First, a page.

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Re: [tlug] silicon cash eater

Raymond Wan writes:

 > I'm somewhat late to this discussion...but all this talk about
 > Fukushima and Tepco's management failure and we rarely talk about the
 > successes.  Perhaps I'm mistaken as it's been a while, but wasn't
 > Ibaraki-ken's Tokaimura reactor affected by the earthquake as well?

Tokaimura was not affected by the tsunami, which is what was the
proximate agent of the Fukushima accident.  Tokaimura, however, is (a)
not operated by TEPCO (it's a government research facility), and (b)
has had a series of serious near-critical accidents (two fatalities in
1999, severe burns last week, I think), and a related facility (same
operator) had a radiation accident due to unsafe practices last month.

Look it up: at least in 1999 accident, management had an "ura-manual".
The victims were carrying a kilo of fissionables around in an open
steel bucket, violating official policy in a half-dozen ways, but
conforming to the "ura-manual".

Where the earthquake mattered at Fukushima was that it cut the
connection to the power grid.  This was again yen-wise and
one-coin-foolish.  The power cable was straight cable laid with little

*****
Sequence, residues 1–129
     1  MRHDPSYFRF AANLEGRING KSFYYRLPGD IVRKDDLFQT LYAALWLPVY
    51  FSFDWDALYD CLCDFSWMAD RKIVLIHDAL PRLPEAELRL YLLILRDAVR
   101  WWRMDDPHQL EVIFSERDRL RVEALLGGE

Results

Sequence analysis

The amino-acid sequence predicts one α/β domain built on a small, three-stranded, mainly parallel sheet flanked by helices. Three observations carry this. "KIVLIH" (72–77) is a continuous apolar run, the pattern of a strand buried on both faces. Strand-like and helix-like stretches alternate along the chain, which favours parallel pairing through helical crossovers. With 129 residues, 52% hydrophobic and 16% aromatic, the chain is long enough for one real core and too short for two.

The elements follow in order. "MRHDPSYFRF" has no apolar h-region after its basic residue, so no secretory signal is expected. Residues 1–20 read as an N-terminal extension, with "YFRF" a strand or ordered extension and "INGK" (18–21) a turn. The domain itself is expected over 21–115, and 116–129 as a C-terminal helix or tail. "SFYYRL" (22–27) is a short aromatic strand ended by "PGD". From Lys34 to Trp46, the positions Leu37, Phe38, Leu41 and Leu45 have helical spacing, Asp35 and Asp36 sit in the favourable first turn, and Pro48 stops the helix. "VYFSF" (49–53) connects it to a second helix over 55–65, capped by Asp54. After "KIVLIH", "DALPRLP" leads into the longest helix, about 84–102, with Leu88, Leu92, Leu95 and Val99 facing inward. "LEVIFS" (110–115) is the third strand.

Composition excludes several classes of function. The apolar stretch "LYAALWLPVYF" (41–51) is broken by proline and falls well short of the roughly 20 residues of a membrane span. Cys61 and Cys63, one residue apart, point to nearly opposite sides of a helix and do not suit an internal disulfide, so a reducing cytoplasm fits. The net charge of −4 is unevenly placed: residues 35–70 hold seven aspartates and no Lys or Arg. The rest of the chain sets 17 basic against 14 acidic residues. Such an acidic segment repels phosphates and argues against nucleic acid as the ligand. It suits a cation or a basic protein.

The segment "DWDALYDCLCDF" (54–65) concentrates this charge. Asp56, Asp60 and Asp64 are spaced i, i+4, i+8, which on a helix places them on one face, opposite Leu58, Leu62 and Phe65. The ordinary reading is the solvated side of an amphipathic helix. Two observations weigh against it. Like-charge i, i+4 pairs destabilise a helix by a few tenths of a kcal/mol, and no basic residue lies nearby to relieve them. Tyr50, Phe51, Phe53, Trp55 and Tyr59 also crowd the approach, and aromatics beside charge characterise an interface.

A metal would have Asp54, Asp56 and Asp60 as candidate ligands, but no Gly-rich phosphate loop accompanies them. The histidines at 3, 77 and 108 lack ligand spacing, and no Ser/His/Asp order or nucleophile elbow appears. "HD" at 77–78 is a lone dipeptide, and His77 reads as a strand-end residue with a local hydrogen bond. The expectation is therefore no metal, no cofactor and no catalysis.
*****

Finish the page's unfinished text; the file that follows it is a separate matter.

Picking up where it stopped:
more than usual slack.  In California, which similarly has ~10-year
intervals between major earthquakes, those cables are (a) laid in
coils, costing about three times as much, and (b) with two or more
connections to the grid in different directions.

 > But when things go right, we (as a society) don't give it the
 > attention it deserves.

I've been making this point for three decades: if you want really
dense news about what goes right, look no farther than the stock
market listings.

So where do you stop?  If we tried to always give credit where credit
is deserved, we'd spend one year working and six on sabbatical,
celebrating the successes.

AFAICS, the real problem is that we frequently praise people for
successful coverups of screwups, while failing to find the people
actually responsible for the successes when we do praise them.  In
Japan, this is institutionalized in politics and the bureaucracy.  If
heads must roll, it's never the people who actually were responsible.
It's some figurehead who never heard of the activity because he was
junior in a different department at the time, who then gets
amakudaried (even today when that's illegal).  In the same way, people
who happen to be sitting in the right chair when a project comes to
fruition tend to get the credit and the rewards.

As in the financial meltdown of 2008, I admit that there's a serious
problem with automatically firing the parties responsible for
disasters: usually they're the ones with the knowledge and skills
required to right the ship.  I tend to favor the Lee Iococca solution:
salary is 1 yen until the organization recovers -- even if they change
jobs to a different employer. :-|


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